The most pivotal trait separating those players that are awarded these final spots from those who are not will not be their proficiency at cornerback, safety or linebacker, although of course that will be of huge importance, it will be their ability to contribute on special teams.
Special teams is how a guy on the bubble earns his spot. It's distinctly unglamorous, but a great special teams player who has a degree of potential will always grab the roster spot way down the depth chart over a guy with similar potential and little to offer on special teams, perhaps even if he has shown a little more promise.
That's just the reality of the NFL.
Third year pro Robert Golden is a good example. He made the team in 2012 as an undrafted free agent in part due to his special teams ability. He finds himself yet again on the roster bubble in 2014, but his special teams ability is well established, with Pro Football Focus grading him as the second best in the league last season. He has performed well thus fair in training camp, getting reps with the first team on occasion, and could be a candidate to knock off Will Allen. If not, I'd consider him a front runner for the 17th spot considering his ST prowess and two years experience in the Steelers defense.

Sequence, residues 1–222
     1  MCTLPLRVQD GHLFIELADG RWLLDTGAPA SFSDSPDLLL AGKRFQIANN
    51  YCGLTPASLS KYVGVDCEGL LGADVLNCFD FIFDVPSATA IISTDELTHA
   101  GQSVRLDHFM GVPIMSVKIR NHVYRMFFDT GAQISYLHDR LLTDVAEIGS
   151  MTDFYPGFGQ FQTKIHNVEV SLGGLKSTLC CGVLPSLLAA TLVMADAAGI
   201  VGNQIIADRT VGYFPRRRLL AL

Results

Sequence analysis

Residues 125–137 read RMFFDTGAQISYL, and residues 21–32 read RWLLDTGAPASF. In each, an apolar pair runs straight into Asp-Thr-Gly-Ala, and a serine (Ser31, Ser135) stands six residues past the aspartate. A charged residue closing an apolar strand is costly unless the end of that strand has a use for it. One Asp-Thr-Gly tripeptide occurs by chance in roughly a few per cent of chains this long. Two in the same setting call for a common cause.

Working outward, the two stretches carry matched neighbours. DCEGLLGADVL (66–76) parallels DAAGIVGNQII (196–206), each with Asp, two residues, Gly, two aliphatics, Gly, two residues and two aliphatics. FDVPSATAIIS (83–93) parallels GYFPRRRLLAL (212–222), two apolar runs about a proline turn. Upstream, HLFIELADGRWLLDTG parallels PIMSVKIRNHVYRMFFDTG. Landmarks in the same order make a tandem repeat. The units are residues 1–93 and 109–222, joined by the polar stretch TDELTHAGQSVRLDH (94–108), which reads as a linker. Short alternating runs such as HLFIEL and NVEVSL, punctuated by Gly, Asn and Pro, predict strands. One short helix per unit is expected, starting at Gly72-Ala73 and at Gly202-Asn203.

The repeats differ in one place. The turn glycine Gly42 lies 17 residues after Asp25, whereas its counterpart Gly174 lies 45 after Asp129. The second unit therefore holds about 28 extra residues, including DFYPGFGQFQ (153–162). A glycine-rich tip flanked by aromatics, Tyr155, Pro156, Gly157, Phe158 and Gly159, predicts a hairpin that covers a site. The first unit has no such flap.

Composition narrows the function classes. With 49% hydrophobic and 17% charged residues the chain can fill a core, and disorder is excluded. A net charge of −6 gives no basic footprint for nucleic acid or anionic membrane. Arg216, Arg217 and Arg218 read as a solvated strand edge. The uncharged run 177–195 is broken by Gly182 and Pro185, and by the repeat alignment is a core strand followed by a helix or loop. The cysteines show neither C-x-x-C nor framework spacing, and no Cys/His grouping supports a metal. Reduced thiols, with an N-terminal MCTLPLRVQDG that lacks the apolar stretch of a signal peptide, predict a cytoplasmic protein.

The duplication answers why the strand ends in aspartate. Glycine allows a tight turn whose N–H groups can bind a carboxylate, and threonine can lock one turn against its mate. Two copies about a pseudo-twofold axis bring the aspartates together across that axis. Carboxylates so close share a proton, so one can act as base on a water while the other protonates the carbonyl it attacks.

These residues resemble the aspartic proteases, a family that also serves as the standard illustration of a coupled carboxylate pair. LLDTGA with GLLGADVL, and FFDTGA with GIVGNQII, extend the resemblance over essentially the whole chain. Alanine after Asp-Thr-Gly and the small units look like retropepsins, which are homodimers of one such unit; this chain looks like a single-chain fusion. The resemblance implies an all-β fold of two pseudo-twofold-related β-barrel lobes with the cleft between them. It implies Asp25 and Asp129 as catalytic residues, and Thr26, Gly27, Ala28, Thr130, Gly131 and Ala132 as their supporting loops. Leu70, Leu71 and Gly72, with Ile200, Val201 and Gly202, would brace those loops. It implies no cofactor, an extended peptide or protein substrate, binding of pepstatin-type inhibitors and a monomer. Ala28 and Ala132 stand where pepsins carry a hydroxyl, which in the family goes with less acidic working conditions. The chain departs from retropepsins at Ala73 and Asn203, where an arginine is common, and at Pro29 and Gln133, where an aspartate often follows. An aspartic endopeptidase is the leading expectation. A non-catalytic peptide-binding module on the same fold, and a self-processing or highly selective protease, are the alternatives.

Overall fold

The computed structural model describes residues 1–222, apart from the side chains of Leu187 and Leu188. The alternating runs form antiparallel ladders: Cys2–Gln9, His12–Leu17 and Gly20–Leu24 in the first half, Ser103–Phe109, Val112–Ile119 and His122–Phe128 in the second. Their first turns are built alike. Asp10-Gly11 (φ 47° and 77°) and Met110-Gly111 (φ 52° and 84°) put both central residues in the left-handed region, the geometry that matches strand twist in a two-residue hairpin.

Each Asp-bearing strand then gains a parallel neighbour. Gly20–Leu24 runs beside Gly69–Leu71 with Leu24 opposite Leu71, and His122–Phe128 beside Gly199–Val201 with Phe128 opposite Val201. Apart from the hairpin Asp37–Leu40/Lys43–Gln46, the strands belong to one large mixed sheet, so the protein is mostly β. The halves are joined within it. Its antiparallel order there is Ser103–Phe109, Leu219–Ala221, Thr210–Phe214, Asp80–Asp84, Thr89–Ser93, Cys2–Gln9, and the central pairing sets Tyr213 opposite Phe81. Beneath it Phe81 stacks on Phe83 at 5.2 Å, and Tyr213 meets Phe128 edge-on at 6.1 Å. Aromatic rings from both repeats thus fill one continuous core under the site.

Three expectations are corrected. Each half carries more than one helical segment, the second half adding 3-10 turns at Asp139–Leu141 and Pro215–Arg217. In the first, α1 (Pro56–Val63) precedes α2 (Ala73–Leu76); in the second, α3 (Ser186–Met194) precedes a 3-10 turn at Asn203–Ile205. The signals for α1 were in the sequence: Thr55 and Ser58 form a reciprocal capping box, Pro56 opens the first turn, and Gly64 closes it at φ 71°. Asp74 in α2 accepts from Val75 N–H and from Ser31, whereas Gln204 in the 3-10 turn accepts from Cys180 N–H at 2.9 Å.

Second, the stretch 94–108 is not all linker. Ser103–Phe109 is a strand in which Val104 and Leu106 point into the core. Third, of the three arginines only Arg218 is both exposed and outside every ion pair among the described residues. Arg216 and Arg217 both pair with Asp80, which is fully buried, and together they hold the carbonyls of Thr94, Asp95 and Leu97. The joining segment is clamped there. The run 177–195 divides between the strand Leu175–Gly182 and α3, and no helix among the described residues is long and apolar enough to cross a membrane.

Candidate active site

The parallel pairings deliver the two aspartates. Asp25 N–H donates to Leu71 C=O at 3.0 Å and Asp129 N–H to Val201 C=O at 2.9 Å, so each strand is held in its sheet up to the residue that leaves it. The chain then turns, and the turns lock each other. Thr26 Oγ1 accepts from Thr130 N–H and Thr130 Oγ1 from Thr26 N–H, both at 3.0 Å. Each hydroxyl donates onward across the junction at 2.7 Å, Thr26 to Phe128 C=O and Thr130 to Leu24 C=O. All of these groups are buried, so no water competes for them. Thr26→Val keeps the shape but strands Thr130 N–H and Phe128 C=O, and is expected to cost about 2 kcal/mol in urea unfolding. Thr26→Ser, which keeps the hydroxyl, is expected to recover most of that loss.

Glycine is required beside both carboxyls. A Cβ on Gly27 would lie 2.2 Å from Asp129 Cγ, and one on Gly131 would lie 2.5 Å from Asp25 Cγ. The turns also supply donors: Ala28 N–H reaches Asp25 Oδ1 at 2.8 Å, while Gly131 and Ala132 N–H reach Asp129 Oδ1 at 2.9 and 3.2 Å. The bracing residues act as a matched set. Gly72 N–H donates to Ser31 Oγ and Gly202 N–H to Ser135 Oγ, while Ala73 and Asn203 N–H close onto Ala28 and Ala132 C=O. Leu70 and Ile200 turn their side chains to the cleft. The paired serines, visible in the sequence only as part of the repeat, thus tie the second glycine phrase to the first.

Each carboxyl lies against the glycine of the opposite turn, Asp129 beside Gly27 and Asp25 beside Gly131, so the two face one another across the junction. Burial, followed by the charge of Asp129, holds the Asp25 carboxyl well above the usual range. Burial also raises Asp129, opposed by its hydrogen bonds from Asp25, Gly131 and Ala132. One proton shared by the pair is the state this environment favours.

Another safety making waves is second year pro Jordan Dangerfield. Realistically, the odds seem to be really stacked against this guy. Positionally, he's got the more experienced Robert Golden above him and up until now he's not had much chance to prove himself on ST. However, he's been lighting up training camp and had a stellar game against the Giants in preseason, notably on special teams. He played 18 snaps on ST, registering two tackles and downing a punt. He faces a very tough road going forward, but all he can do is continue to make cutting him difficult and prove himself on special teams, that will be his best avenue towards a roster spot.
Will Allen is already a proven special teams player, and a veteran presence, but my feelings are if a young safety impresses enough , Allen's spot isn't guaranteed.